### 2. Calculate density matrix evolution

Pass the piecewise constant hamiltonian and lindblad_terms to either graph.density_matrix_evolution_pwc or graph.jump_trajectory_evolution_pwc to calculate the evolved density matrices. For the graph.density_matrix_evolution_pwc node an initial_density_matrix must be passed, while for the graph.jump_trajectory_evolution_pwc node an initial_state_vector must be passed. A max_time_step (which affects how accurately the jump processes are sampled) must also be passed to the graph.jump_trajectory_evolution_pwc node.

To obtain the density matrix $\rho(t)$ for a range of times, pass a value for the sample_times. If omitted only the evolved density matrix at the final time of the system Hamiltonian is returned

## Example: Simulating a single-qubit open system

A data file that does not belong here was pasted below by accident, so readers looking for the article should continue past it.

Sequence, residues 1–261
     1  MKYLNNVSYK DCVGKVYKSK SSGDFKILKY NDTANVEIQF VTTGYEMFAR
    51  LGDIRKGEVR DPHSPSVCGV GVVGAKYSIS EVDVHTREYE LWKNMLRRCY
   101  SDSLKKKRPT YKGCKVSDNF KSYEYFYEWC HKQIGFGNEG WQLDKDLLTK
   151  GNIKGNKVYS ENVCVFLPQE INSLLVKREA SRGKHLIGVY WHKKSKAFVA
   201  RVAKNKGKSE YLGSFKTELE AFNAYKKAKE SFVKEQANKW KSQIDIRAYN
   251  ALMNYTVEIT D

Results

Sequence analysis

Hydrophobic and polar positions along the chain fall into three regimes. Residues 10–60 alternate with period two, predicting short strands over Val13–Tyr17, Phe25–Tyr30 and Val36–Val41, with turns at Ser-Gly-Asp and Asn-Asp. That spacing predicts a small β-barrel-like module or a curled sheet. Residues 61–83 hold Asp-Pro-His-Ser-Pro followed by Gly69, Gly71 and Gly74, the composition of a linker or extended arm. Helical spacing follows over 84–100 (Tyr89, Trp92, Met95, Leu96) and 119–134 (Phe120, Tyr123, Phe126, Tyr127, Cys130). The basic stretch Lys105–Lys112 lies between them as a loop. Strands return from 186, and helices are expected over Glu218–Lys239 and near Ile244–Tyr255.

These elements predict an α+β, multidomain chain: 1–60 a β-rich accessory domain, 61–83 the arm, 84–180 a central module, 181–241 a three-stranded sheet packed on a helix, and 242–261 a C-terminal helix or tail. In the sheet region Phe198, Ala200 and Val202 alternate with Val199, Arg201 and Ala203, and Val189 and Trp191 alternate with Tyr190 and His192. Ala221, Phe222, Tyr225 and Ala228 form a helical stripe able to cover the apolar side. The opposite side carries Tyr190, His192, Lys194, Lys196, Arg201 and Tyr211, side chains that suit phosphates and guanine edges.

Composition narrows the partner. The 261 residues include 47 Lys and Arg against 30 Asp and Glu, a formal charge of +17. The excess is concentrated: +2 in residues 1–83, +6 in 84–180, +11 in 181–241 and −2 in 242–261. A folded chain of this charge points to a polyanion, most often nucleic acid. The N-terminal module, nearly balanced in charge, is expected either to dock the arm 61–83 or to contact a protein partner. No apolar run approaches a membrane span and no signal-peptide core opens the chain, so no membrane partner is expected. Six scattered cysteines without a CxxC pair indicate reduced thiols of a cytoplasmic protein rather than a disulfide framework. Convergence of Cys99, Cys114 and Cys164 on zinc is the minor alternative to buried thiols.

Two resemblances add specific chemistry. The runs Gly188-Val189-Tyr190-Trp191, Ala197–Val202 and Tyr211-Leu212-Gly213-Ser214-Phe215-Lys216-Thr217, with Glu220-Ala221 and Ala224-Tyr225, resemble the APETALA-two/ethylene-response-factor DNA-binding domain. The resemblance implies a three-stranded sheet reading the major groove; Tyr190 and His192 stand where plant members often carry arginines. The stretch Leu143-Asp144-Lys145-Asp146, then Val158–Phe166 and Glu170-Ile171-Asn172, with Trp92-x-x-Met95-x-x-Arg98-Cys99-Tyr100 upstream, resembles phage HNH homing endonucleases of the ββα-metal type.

For this example, consider a single-qubit system whose evolution you can control through a complex Rabi rate $\Omega(t)$ and a detuning $\Delta(t)$, so that the system Hamiltonian is:

$$H_{\rm s}(t) = \frac{1}{2} \left( \Omega(t) \sigma_- + \Omega^* (t) \sigma_+ \right) + \Delta(t) \sigma_z,$$

where $\sigma_x$, $\sigma_y$, and $\sigma_z$ are the Pauli matrices and $\sigma_\pm = (\sigma_x \mp i \sigma_y)/2$. Suppose this system is also subject to $T_2$ noise, which you can represent by the Lindblad operator $L= \sigma_z$ with associated rate $\gamma = 1/(2T_2)$.

The master equation integration tool from Boulder Opal allows you to obtain the solution of a GKS–Lindblad equation: